He spent six weeks in a hospital where he received marginal medical treatment before being sent to another military camp. In a chest cast and being badly emaciated, he was expected not to last a week.
His condition improved slowly as time passed. But while he was ill with dysentery he was again subjected to interrogation and torture that included rope bindings and beatings every two hours, punishment so severe that he tried to kill himself to escape the brutal treatment. Eventually, he reached his breaking point, and cooperated with his captors.
A second story of actual treatment of an enemy involved the capture, interrogation and detainment in military custody that lasted several years. During this time the captive was subjected to sleep deprivation for a period of more than seven days, rectal hydration, forced standing for prolonged periods, and was water boarded five times. Eventually, the captive’s will also broke, and he cooperated with his captors.
While the treatment in the second example would certainly be unpleasant, it is less severe than the experience of the pilot in the first example, inasmuch as the captive’s life was never in danger. Some Americans, however, believe the two equally represent torture.
The pilot in the first example was now-Senator John McCain, R-Ariz., and he was shot down over Viet Nam, captured and tortured by the Viet Cong.
The person in the second example was Khalid Sheik Mohammad, the mastermind of the 9-11 attacks on the Twin Towers in New York, the Pentagon in Washington, DC, and a foiled attempt likely aimed at the U.S. Capitol building or the White House, claiming the lives of nearly 3,000 innocent people.
Torture is the action of inflicting severe pain on someone as a punishment or to force them to do or say something, and has been practiced through the ages, and has included the most brutal treatment imaginable.
In interrogation sessions, some techniques are clearly torture, and some techniques are clearly not torture. Somewhere in the middle of these extremes, strong interrogation crosses the thin and fuzzy line into torture. Where that point is seems to be a matter of personal preference.
Having released a controversial partisan report on the CIA’s enhanced interrogation techniques, the U.S. Senate Intelligence Committee charges that the CIA’s techniques constitute torture.
The CIA vigorously disputes the Democrat leadership’s report, saying the methods were thoroughly analyzed and approved by legal consultants prior to their implementation, and that Congressional leaders were briefed on them and accepted the program. Sen. Jay Rockefeller, D-W.Va., is said to have encouraged the program.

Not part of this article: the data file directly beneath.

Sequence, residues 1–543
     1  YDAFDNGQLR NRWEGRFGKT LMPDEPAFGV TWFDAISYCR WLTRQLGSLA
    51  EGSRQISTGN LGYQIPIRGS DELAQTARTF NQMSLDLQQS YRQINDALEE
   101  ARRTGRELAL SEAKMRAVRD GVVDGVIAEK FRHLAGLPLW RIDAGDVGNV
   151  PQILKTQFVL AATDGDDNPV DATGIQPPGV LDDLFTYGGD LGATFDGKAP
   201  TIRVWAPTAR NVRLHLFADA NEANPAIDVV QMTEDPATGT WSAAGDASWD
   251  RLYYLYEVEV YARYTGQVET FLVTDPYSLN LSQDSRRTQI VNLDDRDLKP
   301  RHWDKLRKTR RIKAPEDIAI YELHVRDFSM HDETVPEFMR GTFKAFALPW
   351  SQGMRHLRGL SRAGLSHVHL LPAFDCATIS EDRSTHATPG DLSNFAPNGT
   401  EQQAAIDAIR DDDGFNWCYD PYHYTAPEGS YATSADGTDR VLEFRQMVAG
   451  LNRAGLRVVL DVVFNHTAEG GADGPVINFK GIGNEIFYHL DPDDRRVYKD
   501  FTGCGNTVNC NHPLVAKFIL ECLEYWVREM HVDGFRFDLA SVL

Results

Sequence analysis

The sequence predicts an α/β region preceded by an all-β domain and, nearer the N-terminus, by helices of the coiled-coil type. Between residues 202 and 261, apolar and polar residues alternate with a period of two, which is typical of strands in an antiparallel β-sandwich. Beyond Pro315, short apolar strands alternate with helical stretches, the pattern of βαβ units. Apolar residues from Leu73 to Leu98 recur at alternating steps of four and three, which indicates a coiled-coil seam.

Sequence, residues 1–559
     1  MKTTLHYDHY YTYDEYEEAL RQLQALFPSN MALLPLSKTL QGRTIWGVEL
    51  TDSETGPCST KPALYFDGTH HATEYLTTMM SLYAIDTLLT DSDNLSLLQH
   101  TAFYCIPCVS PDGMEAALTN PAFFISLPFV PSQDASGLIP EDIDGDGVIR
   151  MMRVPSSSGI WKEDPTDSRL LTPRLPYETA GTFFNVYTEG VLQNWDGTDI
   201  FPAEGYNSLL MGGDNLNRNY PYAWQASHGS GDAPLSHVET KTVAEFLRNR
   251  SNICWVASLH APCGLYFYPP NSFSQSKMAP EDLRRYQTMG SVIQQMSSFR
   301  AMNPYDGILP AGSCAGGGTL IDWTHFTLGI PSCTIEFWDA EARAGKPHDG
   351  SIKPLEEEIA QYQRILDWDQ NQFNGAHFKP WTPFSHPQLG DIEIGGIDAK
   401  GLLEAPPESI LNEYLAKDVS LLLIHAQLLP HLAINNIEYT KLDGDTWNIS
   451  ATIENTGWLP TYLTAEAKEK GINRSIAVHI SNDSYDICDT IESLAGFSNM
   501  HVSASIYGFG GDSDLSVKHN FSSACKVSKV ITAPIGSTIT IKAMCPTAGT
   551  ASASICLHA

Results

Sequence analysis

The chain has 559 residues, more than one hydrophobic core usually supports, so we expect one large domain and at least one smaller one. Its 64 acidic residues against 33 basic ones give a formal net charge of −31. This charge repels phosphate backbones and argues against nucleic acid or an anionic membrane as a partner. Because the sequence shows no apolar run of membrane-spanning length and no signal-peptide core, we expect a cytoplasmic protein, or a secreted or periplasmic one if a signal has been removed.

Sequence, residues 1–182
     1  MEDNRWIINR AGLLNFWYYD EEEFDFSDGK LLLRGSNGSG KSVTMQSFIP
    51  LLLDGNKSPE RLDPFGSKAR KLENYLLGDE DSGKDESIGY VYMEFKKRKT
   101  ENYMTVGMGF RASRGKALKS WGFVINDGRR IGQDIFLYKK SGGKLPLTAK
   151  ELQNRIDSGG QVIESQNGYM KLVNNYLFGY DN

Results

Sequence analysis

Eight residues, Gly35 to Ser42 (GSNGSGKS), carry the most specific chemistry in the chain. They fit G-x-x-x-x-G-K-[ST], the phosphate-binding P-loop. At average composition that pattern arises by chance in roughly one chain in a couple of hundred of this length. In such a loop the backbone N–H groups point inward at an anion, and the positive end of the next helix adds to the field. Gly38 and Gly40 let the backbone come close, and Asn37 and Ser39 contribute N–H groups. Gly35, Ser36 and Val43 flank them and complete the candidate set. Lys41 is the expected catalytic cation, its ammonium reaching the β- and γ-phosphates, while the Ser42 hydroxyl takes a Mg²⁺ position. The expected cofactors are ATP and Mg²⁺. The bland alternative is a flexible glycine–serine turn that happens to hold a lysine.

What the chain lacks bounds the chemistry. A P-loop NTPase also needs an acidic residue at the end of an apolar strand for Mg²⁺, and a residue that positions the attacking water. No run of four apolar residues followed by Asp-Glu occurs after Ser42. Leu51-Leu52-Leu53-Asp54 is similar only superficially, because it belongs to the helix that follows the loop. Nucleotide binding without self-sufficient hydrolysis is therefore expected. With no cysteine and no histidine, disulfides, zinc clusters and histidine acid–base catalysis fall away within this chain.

The United States does indeed profess and uphold high-minded ideals, and most Americans oppose torture. And through this $40 million report and comments by individual senators, we are told that torture is always and forever wrong.
But is there never a circumstance where torture is justified?
Sen. Dianne Feinstein, D-Calif., thinks not. “In the wake of 9/11, we were desperate to bring those responsible for the brutal attacks to justice. But even that urgency did not justify torture,” states the Chair of the Senate Intelligence Committee. “The United States must be held to a higher standard than our enemies, yet some of our actions did not clear that bar.”
We learn that al Qaeda has placed a suitcase nuke in a major city set to detonate in a few hours. We have captured a member of the group and Sen. Feinstein questions him. He refuses to tell where the bomb is. “Okay. Thank you. Have a nice day,” she says. “After all, we are a people of principle and high morals, and won’t stoop to forceful interrogation.”
Who and how many American lives have to be at risk before those like Sen. Feinstein, clinging to the high moral ground, resort to forceful interrogation methods to save lives? Her spouse? Her hometown? Her Capital office? Or would she sacrifice American lives just to maintain the idealistic moral high ground?
You do not have to support routine use of torture to believe that in extreme cases, torture is acceptable. Many Americans believe nothing is too awful to use on an enemy in order to save lives.
So the issue is not that the United States can never use techniques generally agreed to be torture against enemies, but instead to clarify under what circumstances the United States will use those techniques, and how those decisions will be made?
Routine or indiscriminate torture is wrong. Any method used against knowledgeable enemies to save lives must be encouraged. Foolishly clinging to the high moral ground will get Americans needlessly killed.